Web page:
Answer: Kumquats are usually reliable in their cycle of producing fragrant flowers and developing ripe fruit. If the fruit looks normal but is dry on the inside, it indicates inconsistent watering; trees will take the moisture they need to sustain life before they direct moisture to the fruit. If the fruit is drying from the outside in, it may have been left on the plant too long. Unlike oranges, kumquats do not drop from the branches when they are ripe - they must be harvested when they're ripe.
All indoor citrus require bright light (12-14 hours a day, supplemented with artificial light during the winter months). If you're using an incandescent rather than a fluorescent light, it may be too close to the plant. Heat generated from spotlight type grow lights can reduce moisture near the plant, making it too dry in the vicinity of the ripening fruit. Try moving your grow light so it's not too close to the plant (place your hand on the foliage where the light shines to make sure it doesn't get too hot).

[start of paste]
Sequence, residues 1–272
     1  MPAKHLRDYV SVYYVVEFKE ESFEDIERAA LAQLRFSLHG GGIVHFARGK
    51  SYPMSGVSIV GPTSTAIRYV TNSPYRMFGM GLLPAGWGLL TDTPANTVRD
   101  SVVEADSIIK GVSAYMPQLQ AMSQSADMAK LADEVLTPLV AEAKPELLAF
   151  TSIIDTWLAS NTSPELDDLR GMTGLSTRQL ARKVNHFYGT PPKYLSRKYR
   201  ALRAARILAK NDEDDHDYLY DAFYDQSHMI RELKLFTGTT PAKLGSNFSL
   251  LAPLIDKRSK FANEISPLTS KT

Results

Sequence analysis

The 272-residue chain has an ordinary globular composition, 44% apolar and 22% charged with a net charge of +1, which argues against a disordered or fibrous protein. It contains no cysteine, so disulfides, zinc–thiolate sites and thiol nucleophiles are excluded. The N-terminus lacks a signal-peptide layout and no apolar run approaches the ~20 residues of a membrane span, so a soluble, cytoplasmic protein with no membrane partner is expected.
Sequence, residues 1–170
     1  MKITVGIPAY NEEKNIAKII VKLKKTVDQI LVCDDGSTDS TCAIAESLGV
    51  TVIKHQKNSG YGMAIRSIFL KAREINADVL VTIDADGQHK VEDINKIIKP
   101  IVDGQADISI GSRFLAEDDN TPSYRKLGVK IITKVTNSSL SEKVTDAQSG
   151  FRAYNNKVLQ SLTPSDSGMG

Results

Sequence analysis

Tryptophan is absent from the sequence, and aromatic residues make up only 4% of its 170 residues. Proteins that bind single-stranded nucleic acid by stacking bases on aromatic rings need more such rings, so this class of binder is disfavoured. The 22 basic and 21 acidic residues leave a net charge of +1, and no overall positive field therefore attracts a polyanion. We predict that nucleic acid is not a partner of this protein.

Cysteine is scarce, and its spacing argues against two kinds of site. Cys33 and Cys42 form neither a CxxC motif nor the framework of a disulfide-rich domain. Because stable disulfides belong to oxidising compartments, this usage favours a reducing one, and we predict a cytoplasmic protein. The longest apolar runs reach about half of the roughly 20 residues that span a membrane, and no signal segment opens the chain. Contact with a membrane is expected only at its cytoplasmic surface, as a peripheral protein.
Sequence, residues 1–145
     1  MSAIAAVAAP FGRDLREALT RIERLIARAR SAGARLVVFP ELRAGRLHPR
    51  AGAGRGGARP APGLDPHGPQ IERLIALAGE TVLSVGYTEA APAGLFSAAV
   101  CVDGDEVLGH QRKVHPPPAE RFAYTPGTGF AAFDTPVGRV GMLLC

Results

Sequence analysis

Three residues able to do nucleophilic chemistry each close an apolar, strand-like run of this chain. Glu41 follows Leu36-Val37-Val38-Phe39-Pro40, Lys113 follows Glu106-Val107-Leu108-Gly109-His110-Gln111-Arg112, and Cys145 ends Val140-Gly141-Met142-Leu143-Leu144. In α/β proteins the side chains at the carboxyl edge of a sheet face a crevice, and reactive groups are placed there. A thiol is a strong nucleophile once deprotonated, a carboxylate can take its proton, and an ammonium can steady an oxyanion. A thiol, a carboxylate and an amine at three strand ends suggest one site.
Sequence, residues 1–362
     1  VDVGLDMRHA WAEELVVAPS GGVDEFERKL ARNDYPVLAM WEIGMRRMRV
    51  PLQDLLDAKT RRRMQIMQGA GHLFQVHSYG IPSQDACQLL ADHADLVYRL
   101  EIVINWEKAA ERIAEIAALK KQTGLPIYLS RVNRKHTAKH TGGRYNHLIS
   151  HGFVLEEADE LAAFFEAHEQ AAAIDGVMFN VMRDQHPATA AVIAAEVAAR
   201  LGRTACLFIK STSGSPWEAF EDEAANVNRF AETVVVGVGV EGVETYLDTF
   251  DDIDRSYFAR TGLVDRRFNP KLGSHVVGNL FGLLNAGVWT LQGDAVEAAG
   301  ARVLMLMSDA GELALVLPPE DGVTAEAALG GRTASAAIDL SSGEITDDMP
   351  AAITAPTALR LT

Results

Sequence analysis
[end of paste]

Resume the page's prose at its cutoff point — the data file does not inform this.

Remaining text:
Another way to increase the moisture around your plant is to place the pot on a tray filled with pebbles and add water to the tray. (Make sure the bottom of the pot isn't sitting in the water!) As the water evaporates from the try, it will increase moisture around your plant.
Hope these two suggestions help your plant to produce ripe fruit!
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